Ask Alex - April 7, 2017
Welcome back to "Ask Alex", where I answer all of your stupid questions with even dumber answers. Have a question you need answered? Tweet it, email it or submit it here and I will get to it (maybe) next week.
This week, we will be fielding questions about names that sound like vowels, etiquette with asking about pregnancy, subway stories, Susan Rice, gambling and baseball, and White Russians.
Submitted by: KDJF
Would my life be better if I never spoke to anyone whose name is homophonically a verb?
Hugh Ken Nat Bea Sirius, Guy!!! Yule Mike Yurislav Effie Cray Xena!
There are, quite literally, hundreds of first names that are homophonically verbs, so this would be a pretty big deal. Also, it would require some sort of arbiter to determine if words like Barry (bury), Claude (clawed), Perry (parry), Shelby (shall be) are actually homophones of verbs.
And, let’s not forget the truly unique case of Dwayne, which is a homophone only when spoken by someone with a speech impediment. Would you not speak to them if you have the speech impediment or if he has the speech impediment? Or if it were any of his sweet ladies… we need some rules here...
If you stopped speaking to these people, I am going to estimate that you have cut out something like a quarter of US names (Bob, Rob, Bill, Will, Frank, Harry, Mark, Mike, Mary and Pat are all really popular names), and you’d also spend a lot of time trying to process everyone’s name before speaking to them. And think about this...I just came from a meeting with people named Allison, Bob, Emily and Dave. How would I go through that without talking just to Bob? And if Allison goes by Ally, then her name is an actual verb, but pronounced differently. Frankly, I think these rules would get way too confusing.
Point of interest: my name, at least the shortened version that my friends call me, is a noun. Also, my kids, who have decided that we are on a first name basis...
So, really, this comes down to how much you hate people...would you be better off if you just stopped speaking to half of humanity? You might...there are a lot of really terrible people out there.
Submitted by: Timothy E. Miller
What is your opinion of the Susan Rice thing?
I think this is one that is worthy of a whole lot more digging. On the surface, the National Security Advisor asking to unmask names in a SIGINT report isn’t particularly noteworthy...that is kind of her job. Asking for those names when you know that the names belong to people involved in a Presidential campaign is a little more problematic, but it is still not inherently wrong. Trying to know who may be influenced by, or could be in danger from, a foreign government is entirely her business.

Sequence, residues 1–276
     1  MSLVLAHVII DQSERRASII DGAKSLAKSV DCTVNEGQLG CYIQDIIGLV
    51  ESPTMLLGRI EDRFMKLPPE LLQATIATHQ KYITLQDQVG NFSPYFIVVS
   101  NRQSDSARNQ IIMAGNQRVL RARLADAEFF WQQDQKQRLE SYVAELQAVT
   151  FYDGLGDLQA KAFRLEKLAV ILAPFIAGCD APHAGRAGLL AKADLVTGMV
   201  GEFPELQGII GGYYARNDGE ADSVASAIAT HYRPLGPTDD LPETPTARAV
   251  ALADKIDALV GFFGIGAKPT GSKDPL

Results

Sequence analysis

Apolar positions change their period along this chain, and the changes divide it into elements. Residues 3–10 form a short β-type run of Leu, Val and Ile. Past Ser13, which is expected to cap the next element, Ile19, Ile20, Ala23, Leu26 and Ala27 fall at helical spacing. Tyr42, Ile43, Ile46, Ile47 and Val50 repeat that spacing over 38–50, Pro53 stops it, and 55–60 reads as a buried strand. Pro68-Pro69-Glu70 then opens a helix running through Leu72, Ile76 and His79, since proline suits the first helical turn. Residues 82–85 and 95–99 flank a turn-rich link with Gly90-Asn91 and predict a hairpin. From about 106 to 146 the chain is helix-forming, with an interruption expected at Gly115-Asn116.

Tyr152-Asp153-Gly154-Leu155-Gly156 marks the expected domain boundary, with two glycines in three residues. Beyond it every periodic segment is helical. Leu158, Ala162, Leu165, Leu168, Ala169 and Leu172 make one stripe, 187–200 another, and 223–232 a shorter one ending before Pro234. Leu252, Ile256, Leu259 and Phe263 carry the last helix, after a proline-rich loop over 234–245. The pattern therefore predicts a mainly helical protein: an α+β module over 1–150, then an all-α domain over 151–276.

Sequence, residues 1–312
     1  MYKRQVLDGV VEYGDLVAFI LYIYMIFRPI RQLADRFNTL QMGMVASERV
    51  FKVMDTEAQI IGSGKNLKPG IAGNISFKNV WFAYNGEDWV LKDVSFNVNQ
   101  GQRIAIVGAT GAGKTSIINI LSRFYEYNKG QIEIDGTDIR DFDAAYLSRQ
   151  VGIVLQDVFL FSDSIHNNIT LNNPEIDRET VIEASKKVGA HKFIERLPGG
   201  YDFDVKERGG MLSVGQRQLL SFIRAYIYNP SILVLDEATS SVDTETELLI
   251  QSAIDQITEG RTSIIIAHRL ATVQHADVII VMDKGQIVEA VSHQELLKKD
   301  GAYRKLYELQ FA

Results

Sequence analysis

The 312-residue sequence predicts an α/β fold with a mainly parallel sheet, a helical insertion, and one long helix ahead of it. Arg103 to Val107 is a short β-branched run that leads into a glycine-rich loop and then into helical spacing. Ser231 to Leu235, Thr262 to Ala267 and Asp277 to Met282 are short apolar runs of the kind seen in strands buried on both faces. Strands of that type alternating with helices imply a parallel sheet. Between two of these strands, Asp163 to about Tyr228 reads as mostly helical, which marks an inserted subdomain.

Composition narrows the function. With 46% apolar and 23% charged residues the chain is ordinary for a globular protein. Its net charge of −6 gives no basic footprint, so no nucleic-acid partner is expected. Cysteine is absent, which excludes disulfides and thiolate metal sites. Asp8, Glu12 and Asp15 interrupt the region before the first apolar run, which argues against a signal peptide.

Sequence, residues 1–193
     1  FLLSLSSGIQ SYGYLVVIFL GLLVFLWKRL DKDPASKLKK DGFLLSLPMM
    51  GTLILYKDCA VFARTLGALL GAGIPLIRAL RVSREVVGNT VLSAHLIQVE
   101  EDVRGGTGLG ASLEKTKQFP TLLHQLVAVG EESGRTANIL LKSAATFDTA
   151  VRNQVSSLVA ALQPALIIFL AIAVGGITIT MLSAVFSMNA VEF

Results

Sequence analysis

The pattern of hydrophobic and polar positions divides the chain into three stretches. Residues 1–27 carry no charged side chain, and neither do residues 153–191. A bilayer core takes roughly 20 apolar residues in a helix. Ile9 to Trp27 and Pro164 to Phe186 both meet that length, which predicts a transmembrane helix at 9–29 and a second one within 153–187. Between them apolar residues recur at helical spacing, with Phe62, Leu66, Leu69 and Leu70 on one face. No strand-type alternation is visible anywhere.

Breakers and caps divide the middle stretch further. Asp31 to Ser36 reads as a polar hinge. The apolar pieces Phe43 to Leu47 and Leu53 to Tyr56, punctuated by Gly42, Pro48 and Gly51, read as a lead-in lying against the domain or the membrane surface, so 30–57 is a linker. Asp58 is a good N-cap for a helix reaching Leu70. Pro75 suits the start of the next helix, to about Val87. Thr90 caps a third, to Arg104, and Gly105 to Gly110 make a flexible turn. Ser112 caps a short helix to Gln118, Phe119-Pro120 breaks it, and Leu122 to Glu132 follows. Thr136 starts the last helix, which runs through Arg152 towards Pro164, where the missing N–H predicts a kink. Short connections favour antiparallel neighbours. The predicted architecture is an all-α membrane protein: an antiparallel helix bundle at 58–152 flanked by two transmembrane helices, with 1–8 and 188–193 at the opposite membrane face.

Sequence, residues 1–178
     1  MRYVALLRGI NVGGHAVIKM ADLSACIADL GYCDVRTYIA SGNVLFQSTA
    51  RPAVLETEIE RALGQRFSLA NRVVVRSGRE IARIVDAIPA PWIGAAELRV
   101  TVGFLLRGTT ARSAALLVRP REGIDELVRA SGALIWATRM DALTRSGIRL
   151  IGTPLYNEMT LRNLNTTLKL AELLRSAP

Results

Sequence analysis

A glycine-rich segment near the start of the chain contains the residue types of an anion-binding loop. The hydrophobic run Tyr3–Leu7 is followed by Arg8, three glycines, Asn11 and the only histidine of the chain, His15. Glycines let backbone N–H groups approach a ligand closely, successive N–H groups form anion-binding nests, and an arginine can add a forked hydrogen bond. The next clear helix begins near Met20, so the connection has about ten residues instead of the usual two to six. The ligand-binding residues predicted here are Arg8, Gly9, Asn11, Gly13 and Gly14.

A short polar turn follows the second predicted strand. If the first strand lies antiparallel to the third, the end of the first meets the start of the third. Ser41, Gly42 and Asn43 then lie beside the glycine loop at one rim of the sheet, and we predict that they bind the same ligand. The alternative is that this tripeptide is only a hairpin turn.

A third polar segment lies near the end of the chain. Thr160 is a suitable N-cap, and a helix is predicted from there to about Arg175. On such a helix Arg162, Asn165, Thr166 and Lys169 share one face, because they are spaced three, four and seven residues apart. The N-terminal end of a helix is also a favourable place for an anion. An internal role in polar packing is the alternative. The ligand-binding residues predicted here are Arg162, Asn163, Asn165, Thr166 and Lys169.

The suspicion, obviously, is that she shared those names with other people, which is quite specifically against the law. There is not hard evidence of that yet, but I don’t think anyone would be surprised if it turned out that she had. It certainly doesn’t help that she flatly denied unmasking any names at all, even for legitimate reasons.
The bigger problem is Susan Rice herself. America first met Susan Rice as the woman who took to the Sunday Morning shows in September of 2012 to peddle the Administration’s intentionally bogus story about a bad YouTube video after Benghazi. Then we met her again as the woman whose throwaway “honor and distinction” phrase in regards to Bowe Bergdahl set off a chain of events that cost her boss any chance of selling the Bergdahl exchange and likely will end up costing Bergdahl a lot of otherwise unnecessary penalty.
The second season of Serial was not nearly as interesting as the first, but the most fascinating part was, far and away, the way that Susan Rice’s being a moron ruined the Bowe Bergdahl swap for Obama and for Bergdahl. What almost certainly would have been handled quietly and without fanfare turned into a national shitstorm because she was simply too fucking stupid to know what her own words meant. Obama suffered immense political damage, and Bowe Bergdahl may well spend time in jail entirely because of her inability to keep her mouth shut.
Her incompetence extended to her time at the NSA, and her lack of professionalism is pretty well-documented. Combining that with her history of being a point person for ridiculous Obama political missions, it is pretty easy to see where she would be feeding names to political operatives during the campaign.
So, for now, it qualifies as “nothing yet”, but I wouldn’t be the least bit surprised if it turned out to be a whole lot more.
Submitted by: CC Hayes
When is it an appropriate time to ask and/or assume a woman is pregnant?
Goddamnit, CC, I told you I have been stressed a little bit lately and my thyroid is acting up. Lay off already!!! I’m not that fat...
I can think of a couple of very limited scenarios when it would be ok to ask. Like, imagine that you are out with a close girlfriend or family member and you order a drink and she, out of the norm, orders water or club soda or something. If you know that she has been thinking about getting pregnant or may fit the profile, then it is totally acceptable to ask her if she is pregnant. But this better be a really close friend that you can ask without making either of your feel weird…